The disputed domain name contains the term ‘drmartin’, which differs from the Complainant’s mark by substituting an ‘i' for the ‘e’ and leaving out the ‘s’ in the trade mark. The term ‘drmartin’ does not have a space between the first two letters ‘dr’ and ‘martin’. Spaces are not permitted in domain names. Also, it was said in Colgate – Palmolive Company v. Charles Kasinga, NAF Claim No. 94203 that “the absence of the space between the words is not significant in determining similarity”. The Panel finds this to be similar cases of “typosquatting” and does not find that such difference dispels confusing similarity.
The addition of the geographical term ‘USA’ to the disputed domain name does nothing to alleviate the possibility of confusion. It serves only to indicate that the products available on the website could be either manufactured or sold in that country. In this connection, see Cable News Network LP, LLP v. Elie Khouri d/b/a Channel News Network et al., NAF Claim No. 117876, where the respondent had registered 325 domain names all incorporating the letters CNN followed by some other term. 286 of these terms consisted of a country name or a country abbreviation. In that decision the panel stated that “mere inclusion of a country name or a corresponding well-known abbreviation therefore (such as “au” for Australia, “de” for Germany, or “uk” for the United Kingdom) is clearly insufficient, in general and particularly here, to dispel user confusion from occurring.” See also AT&T Corp. v. WorldclassMedia.com, WIPO Case No. D2000-0553, where the panel found confusing similarity to the mark AT&T by domain names formed by a geographic descriptor following the term ATT. See also America Online, Inc. v. Dolphin@Heart, WIPO Case No. D2000-0713, in which the panel there held: “The addition of the name of a place to a service mark, such as the addition of ‘France’ to ‘AOL’ is a common method for specifying the location of business services provided under the service mark. The addition of a place name generally does not alter the underlying mark to which it is added.” The panel then concluded: “A consumer or user of the Internet viewing the address ‘www.aolfrance.com’ is likely to assume that [c]omplainant is the sponsor of or associated with the website identified by the disputed domain name, particularly in light of the fact that [c]omplainant routinely uses its ‘AOL’ service mark in combination with country names in its advertisements on the Internet.”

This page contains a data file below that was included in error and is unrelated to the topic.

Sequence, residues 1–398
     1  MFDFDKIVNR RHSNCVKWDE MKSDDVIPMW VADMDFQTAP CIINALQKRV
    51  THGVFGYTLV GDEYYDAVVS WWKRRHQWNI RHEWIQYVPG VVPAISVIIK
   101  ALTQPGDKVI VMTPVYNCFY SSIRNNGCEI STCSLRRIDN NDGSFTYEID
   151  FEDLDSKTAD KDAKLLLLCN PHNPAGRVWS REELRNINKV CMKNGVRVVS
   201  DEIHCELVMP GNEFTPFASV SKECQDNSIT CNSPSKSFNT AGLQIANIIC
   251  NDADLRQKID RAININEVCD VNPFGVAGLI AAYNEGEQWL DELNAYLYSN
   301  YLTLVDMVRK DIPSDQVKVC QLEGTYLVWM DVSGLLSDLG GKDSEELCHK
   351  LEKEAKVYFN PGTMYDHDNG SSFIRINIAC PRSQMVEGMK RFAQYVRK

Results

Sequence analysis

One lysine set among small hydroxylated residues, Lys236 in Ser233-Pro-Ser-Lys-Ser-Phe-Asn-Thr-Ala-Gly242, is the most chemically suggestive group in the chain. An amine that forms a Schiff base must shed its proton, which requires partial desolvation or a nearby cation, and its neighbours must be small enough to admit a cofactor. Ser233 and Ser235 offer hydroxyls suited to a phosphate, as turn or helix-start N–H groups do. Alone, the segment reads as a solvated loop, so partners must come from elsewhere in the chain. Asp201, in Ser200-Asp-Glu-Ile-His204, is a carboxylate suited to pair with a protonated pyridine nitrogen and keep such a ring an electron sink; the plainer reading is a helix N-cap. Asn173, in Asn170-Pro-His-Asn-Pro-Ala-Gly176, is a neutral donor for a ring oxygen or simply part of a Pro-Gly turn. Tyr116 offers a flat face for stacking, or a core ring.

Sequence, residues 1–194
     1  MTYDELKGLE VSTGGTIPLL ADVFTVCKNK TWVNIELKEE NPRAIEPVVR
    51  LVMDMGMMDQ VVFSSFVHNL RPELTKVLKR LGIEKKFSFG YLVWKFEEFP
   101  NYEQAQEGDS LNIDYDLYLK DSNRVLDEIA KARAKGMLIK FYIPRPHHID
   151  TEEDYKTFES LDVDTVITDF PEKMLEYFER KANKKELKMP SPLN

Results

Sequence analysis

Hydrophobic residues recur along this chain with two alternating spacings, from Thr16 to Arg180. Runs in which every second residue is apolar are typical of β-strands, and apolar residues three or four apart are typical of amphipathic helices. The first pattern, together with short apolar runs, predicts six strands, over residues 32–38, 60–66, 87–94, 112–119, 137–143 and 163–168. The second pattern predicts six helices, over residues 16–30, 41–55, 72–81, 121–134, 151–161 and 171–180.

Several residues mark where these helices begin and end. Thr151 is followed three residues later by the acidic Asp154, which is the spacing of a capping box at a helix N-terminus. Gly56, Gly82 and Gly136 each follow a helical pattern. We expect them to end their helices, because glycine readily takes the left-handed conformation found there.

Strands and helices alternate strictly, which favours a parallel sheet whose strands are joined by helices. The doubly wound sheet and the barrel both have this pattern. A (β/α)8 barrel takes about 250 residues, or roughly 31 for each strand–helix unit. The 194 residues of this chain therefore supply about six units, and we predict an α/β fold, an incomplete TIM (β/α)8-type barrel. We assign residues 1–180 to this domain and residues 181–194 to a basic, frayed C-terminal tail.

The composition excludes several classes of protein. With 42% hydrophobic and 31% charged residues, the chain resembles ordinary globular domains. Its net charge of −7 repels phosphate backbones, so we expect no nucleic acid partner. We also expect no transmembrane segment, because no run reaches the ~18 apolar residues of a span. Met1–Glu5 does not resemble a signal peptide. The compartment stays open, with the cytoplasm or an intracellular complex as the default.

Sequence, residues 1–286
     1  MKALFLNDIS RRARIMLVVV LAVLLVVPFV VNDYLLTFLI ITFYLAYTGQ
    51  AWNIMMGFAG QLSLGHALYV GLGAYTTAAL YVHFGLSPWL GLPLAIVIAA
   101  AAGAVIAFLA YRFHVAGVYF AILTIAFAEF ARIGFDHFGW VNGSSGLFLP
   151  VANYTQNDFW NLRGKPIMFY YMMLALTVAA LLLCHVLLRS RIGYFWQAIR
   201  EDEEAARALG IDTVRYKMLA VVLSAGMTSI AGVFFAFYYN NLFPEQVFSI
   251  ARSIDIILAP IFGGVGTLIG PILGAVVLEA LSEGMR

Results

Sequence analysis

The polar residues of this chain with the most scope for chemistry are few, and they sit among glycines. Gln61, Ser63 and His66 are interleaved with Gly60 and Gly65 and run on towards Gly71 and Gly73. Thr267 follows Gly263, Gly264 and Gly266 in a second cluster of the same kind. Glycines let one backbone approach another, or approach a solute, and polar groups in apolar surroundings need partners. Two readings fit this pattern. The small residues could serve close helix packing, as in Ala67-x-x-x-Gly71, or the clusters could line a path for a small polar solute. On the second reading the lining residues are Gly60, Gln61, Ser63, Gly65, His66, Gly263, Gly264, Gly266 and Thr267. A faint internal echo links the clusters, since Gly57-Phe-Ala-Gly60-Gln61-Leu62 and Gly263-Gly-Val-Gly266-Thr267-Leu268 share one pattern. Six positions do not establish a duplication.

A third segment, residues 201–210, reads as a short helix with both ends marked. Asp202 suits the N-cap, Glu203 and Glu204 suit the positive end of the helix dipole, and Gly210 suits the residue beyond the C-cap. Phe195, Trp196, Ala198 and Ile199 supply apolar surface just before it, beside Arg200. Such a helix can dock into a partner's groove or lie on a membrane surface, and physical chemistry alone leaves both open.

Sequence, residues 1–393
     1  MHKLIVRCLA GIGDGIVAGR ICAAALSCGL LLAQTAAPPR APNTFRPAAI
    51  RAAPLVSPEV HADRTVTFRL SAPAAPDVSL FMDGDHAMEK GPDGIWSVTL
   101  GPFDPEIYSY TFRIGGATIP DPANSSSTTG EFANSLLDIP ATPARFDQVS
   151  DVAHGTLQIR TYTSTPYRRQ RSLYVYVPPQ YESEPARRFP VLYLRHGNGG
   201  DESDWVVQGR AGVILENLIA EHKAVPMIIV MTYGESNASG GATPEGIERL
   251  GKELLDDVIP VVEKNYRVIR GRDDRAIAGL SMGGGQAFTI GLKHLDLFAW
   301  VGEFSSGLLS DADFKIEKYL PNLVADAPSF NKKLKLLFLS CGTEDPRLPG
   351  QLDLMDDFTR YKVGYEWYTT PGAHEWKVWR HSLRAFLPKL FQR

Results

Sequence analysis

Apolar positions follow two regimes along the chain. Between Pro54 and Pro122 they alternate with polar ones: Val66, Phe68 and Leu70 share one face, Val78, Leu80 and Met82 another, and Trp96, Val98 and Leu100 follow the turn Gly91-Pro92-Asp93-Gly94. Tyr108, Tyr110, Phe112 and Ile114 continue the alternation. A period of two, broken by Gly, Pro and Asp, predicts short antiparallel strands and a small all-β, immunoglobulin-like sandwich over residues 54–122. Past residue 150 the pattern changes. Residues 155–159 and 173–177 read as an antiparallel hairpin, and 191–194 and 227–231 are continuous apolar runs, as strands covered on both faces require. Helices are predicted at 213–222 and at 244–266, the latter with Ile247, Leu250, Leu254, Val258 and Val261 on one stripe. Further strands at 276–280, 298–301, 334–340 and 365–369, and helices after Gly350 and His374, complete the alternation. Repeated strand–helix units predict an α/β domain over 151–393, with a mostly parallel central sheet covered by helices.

Consequently, the Panel has no hesitation in finding that the disputed domain name <drmartinusa.com> is confusingly similar to the Complainants’ trade mark DR. MARTENS, and that paragraph 4(a)(i) of the Policy is therefore proved.
B. Rights or Legitimate Interests
It is well established that the onus is on a complainant to first prove that a respondent has no rights or legitimate interests in a disputed domain name, but that once the said complainant has made out a prima facie case, the burden of production on this shifts to the respondent to rebut it. The burden of proof however remains with the complainant. See, for example, Document Technologies, Inc. v. International Electronic Communications Inc. WIPO Case No. D2000-0270. In this instance, the Panel is satisfied that a prima facie case has been made out.
In paragraph 4(c) of the Policy there are set out three circumstances which, if present, could demonstrate that a respondent does have rights or legitimate interests in a disputed domain name, and it is well established that this list is not exhaustive. However in this case the Respondent has filed no response so it has not attempted to rebut the Complainants’ prima facie case.